OU’s David Willett discusses automation, apprenticeships and more.
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The automation of work is nothing new – since the Luddites destroyed their looms in the early days of the industrial revolution, there has been a balancing act between technological progress and fears over employment opportunities.
But the growth of technology is gathering pace, and the effect on our working lives is becoming more apparent. Everyone from Obama and Trump to the most prolific business leaders agree that we should be prepared as a society to deal with the rising tide.
PwC suggests that anywhere between 20% and 40% of jobs are potentially at risk of automation by 2030 – particularly low or semi-skilled roles – and economists agree that automation has played a far greater role in job losses, over the long run, than globalisation.
While educators have already begun to establish closer links with industry, in the future learning methods will need to become even more flexibile.
But, of course, few people want to stop technological progress. Indeed, most governments want to spur it on, recognising its transformative power in our ability to do business. So, the question becomes: how do we educate and train for a fast-changing business landscape and mitigate against high unemployment as a result of automation?
Education, education, education
The relentless pace of technological advancement means that employers and educators need to start laying the groundwork to encourage a more agile approach, rather than prioritising the development of narrow skill sets, which become irrelevent and out-dated. We need flexible and adaptable workers, who are able to morph to suit the changing workplace.
In the future world of work, it is likely that an individual will need to move from skill to skill with ease, with flexibility that will allow them to adapt to new or changing careers as opportunities come and go. But for this to become a reality, there needs to be a change in the way that we approach education and skills training.
While educators have already begun to establish closer links with industry, in the future learning methods will need to become even more flexibile. Practical, project-based learning, which emphasises applied knowledge rather than rote learning, will become the norm, and success will be measured not in grades, but in how well training has addressed business needs.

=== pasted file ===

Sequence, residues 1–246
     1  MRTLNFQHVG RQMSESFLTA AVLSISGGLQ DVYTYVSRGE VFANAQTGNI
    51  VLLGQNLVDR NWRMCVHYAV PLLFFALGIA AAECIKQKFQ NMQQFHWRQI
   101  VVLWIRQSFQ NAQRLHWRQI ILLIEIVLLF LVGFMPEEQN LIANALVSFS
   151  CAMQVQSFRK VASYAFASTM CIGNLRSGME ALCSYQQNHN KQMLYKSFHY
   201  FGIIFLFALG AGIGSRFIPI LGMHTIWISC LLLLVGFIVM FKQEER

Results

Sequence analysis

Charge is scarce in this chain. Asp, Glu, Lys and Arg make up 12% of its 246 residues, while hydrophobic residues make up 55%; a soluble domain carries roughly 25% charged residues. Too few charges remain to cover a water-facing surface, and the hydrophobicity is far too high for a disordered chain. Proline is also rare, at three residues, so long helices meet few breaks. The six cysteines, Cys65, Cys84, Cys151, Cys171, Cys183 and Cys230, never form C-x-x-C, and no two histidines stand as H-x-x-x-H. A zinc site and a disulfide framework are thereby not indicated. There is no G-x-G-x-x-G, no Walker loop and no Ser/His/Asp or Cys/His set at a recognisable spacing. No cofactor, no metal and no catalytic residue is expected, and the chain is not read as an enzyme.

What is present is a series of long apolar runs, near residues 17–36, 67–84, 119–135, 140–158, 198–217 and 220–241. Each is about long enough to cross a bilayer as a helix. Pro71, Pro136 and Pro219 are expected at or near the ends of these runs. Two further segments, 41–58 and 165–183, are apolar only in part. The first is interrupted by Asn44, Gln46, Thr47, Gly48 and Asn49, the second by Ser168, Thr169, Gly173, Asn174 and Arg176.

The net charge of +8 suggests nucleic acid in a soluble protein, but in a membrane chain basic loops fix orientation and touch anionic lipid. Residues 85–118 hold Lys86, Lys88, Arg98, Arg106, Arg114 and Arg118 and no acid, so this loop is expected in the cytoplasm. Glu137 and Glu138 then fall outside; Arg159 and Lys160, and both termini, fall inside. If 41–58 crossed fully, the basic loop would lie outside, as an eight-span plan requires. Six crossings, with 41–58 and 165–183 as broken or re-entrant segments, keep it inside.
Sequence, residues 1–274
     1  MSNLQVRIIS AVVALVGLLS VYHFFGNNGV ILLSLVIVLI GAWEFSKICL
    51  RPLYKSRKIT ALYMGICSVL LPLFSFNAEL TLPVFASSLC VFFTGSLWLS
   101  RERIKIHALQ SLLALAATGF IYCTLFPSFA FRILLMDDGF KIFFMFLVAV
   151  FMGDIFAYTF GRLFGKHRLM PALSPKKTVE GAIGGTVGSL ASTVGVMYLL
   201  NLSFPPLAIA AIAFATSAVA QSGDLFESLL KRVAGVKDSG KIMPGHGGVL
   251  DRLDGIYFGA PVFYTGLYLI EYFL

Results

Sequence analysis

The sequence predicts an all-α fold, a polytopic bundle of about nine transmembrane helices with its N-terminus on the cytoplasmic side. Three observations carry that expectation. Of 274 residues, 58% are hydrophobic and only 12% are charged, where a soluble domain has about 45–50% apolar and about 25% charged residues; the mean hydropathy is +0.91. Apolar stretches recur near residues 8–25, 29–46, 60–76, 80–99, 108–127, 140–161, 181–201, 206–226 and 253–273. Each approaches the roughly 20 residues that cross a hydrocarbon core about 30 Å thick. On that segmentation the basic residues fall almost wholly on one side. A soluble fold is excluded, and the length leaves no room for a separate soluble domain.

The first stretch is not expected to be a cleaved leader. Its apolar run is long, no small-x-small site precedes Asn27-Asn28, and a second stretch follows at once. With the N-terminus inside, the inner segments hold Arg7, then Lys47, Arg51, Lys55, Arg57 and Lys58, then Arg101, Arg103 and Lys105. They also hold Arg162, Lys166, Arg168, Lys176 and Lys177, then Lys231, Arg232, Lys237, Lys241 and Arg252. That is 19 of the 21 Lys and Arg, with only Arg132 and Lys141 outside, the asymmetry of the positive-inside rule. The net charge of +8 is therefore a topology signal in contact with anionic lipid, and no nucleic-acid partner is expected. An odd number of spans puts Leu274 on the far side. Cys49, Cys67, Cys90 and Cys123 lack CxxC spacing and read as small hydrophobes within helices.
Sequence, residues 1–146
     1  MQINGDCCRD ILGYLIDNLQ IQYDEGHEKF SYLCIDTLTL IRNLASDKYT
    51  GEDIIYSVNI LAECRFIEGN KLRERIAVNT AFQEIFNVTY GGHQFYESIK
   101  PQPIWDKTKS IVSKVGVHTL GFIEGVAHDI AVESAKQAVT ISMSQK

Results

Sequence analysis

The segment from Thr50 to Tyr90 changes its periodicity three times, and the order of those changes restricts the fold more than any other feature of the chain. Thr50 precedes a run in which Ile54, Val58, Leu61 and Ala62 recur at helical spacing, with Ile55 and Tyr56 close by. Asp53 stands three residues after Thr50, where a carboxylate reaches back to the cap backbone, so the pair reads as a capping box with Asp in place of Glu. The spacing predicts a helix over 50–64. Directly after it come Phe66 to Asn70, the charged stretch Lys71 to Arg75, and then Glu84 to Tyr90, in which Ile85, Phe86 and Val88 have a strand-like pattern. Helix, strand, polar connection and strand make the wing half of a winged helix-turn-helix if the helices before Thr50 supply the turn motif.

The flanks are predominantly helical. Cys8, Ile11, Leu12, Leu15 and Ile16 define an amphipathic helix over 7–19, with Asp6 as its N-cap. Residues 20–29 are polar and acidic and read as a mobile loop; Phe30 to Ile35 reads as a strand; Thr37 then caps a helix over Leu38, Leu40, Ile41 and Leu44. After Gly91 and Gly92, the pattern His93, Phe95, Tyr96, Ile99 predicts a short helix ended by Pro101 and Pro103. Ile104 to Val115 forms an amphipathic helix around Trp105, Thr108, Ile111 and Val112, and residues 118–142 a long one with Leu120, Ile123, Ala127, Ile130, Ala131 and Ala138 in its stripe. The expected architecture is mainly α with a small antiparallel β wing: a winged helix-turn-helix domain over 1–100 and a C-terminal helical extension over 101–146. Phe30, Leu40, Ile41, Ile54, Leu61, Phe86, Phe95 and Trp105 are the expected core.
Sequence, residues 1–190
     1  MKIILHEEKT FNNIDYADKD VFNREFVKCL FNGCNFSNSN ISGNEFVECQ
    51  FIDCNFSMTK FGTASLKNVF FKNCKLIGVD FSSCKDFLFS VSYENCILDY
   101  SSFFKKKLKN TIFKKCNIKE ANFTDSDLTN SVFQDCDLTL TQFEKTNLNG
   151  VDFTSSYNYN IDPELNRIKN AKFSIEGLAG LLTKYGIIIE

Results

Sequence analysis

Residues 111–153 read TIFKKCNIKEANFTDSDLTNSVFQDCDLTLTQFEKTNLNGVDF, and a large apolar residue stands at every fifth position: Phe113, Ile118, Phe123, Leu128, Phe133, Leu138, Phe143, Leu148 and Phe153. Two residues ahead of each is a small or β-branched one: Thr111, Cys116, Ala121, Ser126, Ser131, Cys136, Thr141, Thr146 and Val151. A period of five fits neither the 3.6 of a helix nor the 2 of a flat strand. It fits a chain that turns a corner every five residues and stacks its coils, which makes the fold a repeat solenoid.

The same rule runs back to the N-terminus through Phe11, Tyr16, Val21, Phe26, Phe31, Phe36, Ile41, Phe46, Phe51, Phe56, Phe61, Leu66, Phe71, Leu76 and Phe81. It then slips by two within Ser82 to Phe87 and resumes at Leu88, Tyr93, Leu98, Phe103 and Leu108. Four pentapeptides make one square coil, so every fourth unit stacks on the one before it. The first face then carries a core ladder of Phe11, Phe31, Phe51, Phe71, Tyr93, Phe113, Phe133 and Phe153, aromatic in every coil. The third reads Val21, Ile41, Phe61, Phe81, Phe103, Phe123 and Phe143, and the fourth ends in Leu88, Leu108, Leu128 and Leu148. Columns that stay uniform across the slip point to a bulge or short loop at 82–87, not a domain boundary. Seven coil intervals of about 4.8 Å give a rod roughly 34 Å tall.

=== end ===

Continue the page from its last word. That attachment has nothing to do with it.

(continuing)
A culture of lifelong learning is essential to encourage employees to develop their skills as they work longer and deal with rapidly changing technological landscapes. And this helps support not just new recruits but those already in work – those most at risk from the rising tide of automation.
With two-thirds of the workforce of 2030 already in employment, it is crucial that in-work learning becomes just as important as traditional schooling, so that workers are equipped with the skills they need to take advantage of new opportunities created by automation.
And the pace of change is so great that even those joining the workforce today will need to continuously update and evolve their skill sets over the course of their working lives, so that they too are not left behind.
With little time, and pressured work environments, we believe that distance and online flexible learning are likely to be key. Affordable for companies and more accessible for employees, the concept of anytime-anywhere learning is likely to further proliferate the employment landscape.
Apprenticeships will also form a vital part of the puzzle in this new learning landscape. The training now spans different levels – from GCSE level right through to master’s degree level – so employees can undertake multiple apprenticeships throughout their working lives, growing their skills and keeping their knowledge up-to-date.
And of course, the Apprenticeship Levy, which applies to employers in England, who have an annual pay bill above £3m, provides increased impetus to use the funds to help STEM skills shortages or to retrain employees for new job roles.
But it’s important that apprenticeships are delivered flexibly to fit around organisation’s demands, scalable for consistent training across multiple sites and provide high quality work-based learning for real organisational impact.
So, education and learning need to change significantly over the next decade to deal with issues raised by automation and the rise of advanced technologies.
And, while most conversations about the future of work focus on how new technologies and ways of working, such as artificial intelligence and the gig economy, will dramatically reshape modern industries, less is said on what we should be doing now to prepare for an unpredictable future.
The ‘future of work’ and the ‘future of education’ conversation are inherently linked, and educators, employers, employees and government must all work together to ensure that adequate pre-work and at-work education is provided to help us all cope with this unprecedented pace of change.
About the author
David Willett is corporate director at The Open University.